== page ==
Today, I went to some meetings at the company where I used to be an employee. I walked its grey corridors in my red shoes. A small part of me was slightly envious that I no longer work there – there’s always an amazing buzz, the employees are young and trendy, the buildings are modern and stylish and the coffee is excellent. Despite all this, most of me knows that the last thing I need is an office, a boss and an access card. Where I am right now is exactly where I need to be right now.
Instead of my being an employee of the company, the company is now one of my customers. I work for various departments, doing different writing-related jobs: a bit of editing here, some white papers there, an online article or two here and there. Today I met with three different people who have work for me. They all have tons of work for me. I am trying not to hyperventilate.
There’s so much work.
There’s so much work.
There’s so much work. And I have three kids, and three hours four times a week free to do the work in, unless I want to do it late at night, in my pyjamas when all the world has gone to sleep. Not to mention the house I need to maintain, the friendships that require time and commitment, the novel I dearly would like to get bloody written, the handsome man who occasionally would like me to look up from my computer and acknowledge his sweet presence, the blog posts that need to be composed.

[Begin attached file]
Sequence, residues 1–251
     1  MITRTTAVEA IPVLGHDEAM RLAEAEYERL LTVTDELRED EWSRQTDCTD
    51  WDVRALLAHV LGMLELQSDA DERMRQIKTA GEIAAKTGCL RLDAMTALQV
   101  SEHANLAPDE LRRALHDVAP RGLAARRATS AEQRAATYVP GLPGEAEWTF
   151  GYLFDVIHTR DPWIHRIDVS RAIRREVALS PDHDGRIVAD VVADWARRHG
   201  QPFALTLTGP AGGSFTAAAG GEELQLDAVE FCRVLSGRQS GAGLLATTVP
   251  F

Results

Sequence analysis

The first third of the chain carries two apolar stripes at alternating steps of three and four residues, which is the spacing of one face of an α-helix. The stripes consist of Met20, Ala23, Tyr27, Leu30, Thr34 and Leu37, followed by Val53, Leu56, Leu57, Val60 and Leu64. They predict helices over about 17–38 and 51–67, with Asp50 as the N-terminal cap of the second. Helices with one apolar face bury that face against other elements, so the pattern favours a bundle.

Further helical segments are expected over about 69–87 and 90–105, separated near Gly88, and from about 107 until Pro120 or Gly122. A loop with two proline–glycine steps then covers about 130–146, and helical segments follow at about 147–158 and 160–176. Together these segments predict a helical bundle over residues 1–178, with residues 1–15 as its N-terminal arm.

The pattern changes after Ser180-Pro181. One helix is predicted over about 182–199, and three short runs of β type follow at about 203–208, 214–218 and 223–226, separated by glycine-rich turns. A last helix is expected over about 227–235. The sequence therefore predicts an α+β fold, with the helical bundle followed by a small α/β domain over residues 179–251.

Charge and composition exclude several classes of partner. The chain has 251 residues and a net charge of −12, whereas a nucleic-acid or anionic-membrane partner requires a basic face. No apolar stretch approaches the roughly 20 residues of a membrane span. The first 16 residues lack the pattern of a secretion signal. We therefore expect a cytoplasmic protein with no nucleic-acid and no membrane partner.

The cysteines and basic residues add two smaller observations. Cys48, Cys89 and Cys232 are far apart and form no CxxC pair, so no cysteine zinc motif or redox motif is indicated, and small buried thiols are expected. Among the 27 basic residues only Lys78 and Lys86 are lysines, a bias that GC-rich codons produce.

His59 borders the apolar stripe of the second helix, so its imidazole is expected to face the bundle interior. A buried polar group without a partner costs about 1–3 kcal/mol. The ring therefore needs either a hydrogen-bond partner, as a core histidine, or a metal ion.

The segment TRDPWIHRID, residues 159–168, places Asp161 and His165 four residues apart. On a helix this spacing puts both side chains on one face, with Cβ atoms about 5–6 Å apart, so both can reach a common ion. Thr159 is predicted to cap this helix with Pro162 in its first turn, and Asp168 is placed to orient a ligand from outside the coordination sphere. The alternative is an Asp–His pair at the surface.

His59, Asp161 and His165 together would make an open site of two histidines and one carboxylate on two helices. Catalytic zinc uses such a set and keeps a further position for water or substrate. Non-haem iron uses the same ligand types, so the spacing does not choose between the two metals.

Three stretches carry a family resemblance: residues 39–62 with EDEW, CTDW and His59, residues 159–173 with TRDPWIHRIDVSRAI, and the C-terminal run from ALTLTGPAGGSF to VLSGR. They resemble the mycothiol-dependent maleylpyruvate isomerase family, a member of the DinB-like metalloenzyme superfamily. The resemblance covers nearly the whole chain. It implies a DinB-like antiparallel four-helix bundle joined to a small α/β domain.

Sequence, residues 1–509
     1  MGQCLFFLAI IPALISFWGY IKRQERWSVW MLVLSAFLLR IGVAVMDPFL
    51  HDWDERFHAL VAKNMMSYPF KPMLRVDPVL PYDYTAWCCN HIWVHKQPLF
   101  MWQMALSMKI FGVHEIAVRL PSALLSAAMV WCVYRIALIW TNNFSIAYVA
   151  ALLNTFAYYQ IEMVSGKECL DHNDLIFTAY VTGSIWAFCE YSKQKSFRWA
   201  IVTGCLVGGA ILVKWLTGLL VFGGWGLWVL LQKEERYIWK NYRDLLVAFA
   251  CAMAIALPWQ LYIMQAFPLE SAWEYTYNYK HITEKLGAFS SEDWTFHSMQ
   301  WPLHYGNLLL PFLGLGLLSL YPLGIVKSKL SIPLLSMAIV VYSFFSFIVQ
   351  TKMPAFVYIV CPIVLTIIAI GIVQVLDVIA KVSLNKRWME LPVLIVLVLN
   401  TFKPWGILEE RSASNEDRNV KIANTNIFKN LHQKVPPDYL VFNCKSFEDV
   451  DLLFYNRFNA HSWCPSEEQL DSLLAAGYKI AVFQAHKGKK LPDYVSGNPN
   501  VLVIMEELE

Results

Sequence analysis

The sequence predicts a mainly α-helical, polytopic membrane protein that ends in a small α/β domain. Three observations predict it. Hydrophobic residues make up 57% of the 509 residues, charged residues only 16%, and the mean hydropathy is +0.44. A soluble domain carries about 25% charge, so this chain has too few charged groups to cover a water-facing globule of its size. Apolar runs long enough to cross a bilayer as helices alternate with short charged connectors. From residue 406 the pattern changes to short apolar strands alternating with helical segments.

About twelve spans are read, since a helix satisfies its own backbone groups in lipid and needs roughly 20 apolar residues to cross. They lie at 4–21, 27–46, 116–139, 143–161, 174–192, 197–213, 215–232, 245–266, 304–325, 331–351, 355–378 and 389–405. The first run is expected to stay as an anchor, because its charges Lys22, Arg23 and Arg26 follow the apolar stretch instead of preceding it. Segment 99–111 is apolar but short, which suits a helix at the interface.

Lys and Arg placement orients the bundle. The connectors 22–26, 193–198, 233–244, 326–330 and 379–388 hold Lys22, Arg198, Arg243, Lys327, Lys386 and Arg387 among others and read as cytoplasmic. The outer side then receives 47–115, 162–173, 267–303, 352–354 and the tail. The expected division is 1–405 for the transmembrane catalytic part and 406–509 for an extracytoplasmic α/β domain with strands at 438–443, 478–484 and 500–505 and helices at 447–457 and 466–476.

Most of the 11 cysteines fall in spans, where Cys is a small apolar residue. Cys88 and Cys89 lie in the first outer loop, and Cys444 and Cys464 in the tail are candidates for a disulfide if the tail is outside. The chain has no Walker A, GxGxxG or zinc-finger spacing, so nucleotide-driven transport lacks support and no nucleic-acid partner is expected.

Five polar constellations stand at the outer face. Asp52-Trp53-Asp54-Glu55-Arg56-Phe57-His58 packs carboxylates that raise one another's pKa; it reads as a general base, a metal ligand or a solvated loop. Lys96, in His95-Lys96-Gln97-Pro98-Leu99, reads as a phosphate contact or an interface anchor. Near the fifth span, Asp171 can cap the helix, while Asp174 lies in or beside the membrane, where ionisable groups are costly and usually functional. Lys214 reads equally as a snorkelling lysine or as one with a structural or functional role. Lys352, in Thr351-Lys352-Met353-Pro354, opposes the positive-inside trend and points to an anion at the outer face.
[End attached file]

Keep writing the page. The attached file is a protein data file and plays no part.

Luckily though, I was wearing my red shoes:
My red shoes, like those of Mma Makutsi, assistant to intrepid lady detective Mma Ramotswe in Alexander McCall Smith’s lovely Botswanan detective series, pinch. But, like Mma Makutsi’s blue shoes, my red shoes give me courage. If I can wear these and walk all over the company’s campus, keep smiling and nodding and saying “yes” to all the work they want me to do, then I can find the time to do the work.
I feel panic, but when I look at my red shoes I feel happy. They are coping shoes, getting-it-together shoes, working-all-night-and-meeting-that-deadline but still-getting-up-the-next-morning-to-feed-the-children shoes. If nothing else, I have to live up to my shoes. They are shoes with panache, with gusto, and with attitude.
Bring on those white papers! Bring on the 170-page editing job! Bring on the book chapters! My shoes and I are ready.